April 2020 Reading List

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New April 2020 books on my reading list for the month, plus a nonfiction World War II book that many readers consider a modern classic.

There’s little I can say about these past few weeks that hasn’t been said. Most of us have been spending almost all of our time in our homes.

Some of us are bored, some of us are feeling a little frantic, trying to work and manage kids at the same time. 

Across the board, I think we’re all worried. There is a lot to worry about, to be sure.

Like many readers, when everything started going crazy, I had a little trouble focusing on the books I was reading. Now in our third week of being home, I’m finding that focus again–even as things continue to change day by day.

It is always a relief to settle in with a great book, and I’m glad to have some highly anticipated reads coming up in April.

I hope you, too, are finding something that gives you comfort. If it’s books, you might like some of these hopeful books, or these lighthearted reads.

I’d love to know what other books are working for you in these crazy times–please share in the comments!

Books to Read in April 2020

Author: Emily Gould
Source: Avid Reader Press / Simon & Schuster via Edelweiss
Publish Date: 04/14/20

Quick Take

In the early 2000s, Laura arrived in New York City with big dreams of a musical career. Fifteen years later, her teenage daughter Marie is asking questions about her father and her mother’s abandoned musical dreams. This “delightful and poignant tale of music and motherhood, ambition and com­promise” is one of my most-anticipated books of April 2020.

Author: Sue Monk Kidd
Source: Viking via Edelweiss
Publish Date: 04/21/20

Quick Take

I don’t typically read religious fiction, but on reading The Red Tent, I found that I do like reading historical fiction set in Biblical times–particularly when it adds womens’ voices where they haven’t been before. That Sue Monk Kidd is the author of this book cemented its place on my reading list. 

This is the story of Ana, the young wife of Jesus and sister of Judas. The book is described as “Grounded in meticulous research and written with a reverential approach to Jesus’s life that focuses on his humanity,” and I can’t wait to dive in.

Author: Jennifer Finney Boylan
Source: Celadon Books via Edelweiss
Publish Date: 04/21/20

Quick Take

I have a weakness for animal memoirs and it’s been too long since I’ve read one. What better time than now–when I’m finding comfort in silly dog videos, and my own beloved labrador has just turned 14? (Amazingly, he remains energetic and healthy, if a little deaf.)

Good Boy is Jennifer Finney Boylan’s memoir of the seven dogs that taught her about love and life as she grew from a young boy to a middle-aged woman. I expect some sadness, but just as with our life with dogs, the sadness of a great dog story is oh-so-worth it for the joy of the journey.

Author: Ishmael Beah
Source: Riverhead Books via Edelweiss
Publish Date: 04/28/20

Quick Take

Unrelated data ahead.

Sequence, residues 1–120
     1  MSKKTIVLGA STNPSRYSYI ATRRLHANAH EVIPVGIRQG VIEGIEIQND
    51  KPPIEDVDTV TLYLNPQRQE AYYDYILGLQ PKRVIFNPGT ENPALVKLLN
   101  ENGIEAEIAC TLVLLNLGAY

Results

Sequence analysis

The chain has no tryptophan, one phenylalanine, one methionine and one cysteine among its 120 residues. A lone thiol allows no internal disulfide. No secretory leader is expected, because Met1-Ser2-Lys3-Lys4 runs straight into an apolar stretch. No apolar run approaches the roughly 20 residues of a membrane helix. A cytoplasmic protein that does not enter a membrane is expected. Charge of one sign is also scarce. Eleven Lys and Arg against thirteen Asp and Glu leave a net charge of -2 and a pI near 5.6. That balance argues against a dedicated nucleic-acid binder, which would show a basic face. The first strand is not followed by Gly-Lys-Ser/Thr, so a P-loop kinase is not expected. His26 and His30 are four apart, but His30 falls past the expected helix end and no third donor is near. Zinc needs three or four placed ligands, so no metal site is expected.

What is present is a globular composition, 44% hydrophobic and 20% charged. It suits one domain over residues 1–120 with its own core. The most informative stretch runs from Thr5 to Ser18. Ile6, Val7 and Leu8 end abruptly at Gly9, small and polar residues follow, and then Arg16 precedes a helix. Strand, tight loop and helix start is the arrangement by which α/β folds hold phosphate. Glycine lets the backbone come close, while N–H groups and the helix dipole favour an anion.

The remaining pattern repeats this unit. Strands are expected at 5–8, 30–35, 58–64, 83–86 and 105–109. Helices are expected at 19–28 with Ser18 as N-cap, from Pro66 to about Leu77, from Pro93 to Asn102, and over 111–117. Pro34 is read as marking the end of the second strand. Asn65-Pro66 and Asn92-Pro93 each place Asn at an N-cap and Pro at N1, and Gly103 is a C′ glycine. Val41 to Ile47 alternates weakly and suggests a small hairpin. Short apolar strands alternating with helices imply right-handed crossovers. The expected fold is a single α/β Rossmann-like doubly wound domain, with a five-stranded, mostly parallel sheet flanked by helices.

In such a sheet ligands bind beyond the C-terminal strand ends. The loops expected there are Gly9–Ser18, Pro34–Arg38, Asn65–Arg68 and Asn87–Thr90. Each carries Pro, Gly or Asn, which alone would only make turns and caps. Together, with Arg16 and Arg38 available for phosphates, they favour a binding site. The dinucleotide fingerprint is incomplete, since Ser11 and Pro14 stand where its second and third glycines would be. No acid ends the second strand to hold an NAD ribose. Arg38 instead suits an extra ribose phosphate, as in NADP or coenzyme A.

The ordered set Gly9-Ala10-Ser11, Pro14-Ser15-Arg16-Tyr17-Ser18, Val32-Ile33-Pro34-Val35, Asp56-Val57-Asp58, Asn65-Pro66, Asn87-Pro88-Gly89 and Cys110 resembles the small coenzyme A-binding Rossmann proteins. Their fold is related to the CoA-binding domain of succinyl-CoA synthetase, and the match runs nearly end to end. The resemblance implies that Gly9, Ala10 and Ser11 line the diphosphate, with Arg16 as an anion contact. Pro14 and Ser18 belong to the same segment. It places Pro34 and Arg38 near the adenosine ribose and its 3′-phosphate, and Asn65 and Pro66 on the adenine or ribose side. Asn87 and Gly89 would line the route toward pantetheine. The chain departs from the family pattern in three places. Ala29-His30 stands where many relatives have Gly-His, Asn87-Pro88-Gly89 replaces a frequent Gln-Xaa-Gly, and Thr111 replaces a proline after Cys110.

Beah’s memoir Long Way Gone: Memoirs of a Boy Soldier was horrifying, riveting, and sensitive. I knew I had to read his first foray into fiction, about five children who have created a makeshift home and family in an abandoned airplane in Zimbabwe. I anticipate that Beah’s own experiences lend particular credibility to the emotional threads of this story and I can’t wait to read it.

Author: Corrie Ten Boom
Source: Library
Publish Date: 01/01/71

Quick Take

My Thoughts

The Hiding Place is Corrie ten Boom’s memoir of her life in Holland, starting from her simple days in her family’s watchmaker shop to her time as a leader in the Dutch underground. Ten Boom hid Jewish people from Nazis and ultimately lost her family in concentration camps. I decided to listen to the audiobook after hearing about this book for years, and I feel the dread of the Nazis moving in on their small but comfortable lives.

Resistance movements are fascinating and I’m looking forward to learning more about her role (side note: if you are ever in Amsterdam, don’t miss the fantastic Verzets Resistance Museum. It’s small, but the interactive exhibits bring the people of the resistance to life.)

What are you reading in April?

Books to read in April 2020

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4 Comments

  1. Life is crazy and I’ve been completely neglecting visiting blogs, but am glad I found my way here today. I’m looking forward to Perfect Tunes, too and have been considering The Book of Longings, too. Like you I loved The Red Tent, though usually avoid religious leaning books. Monk Kidd’s book sounds so appealing, but the length has in part scared me off. I didn’t request an ARC, but will wait instead to see what others (you) think of it. Stay well!

    1. Glad to hear from you, Susie! I haven’t been making the rounds to other blogs as I like to either (and I just realized I never got an email notice of your comment, so now I need to troubleshoot that!). I’m hoping The Book of Longings works for me, especially right now. I’m having a little trouble slogging through books that feel heavy, so if it’s not enough of a page-turner I may have to put it aside for later. Now more than ever, some books just seem to be the wrong book at the wrong time, rather than books I wouldn’t actually like otherwise.

  2. I have The Book of Longings as an eGalley and I’m excited but nervous to read it! It’s certainly a significant topic, so we’ll see how she handles it. I think a lot of people will be talking about it this year.

    1. I agree! She’s brave to take it on. I trust Kidd as an author–hopefully she handled this well AND wrote a great story!

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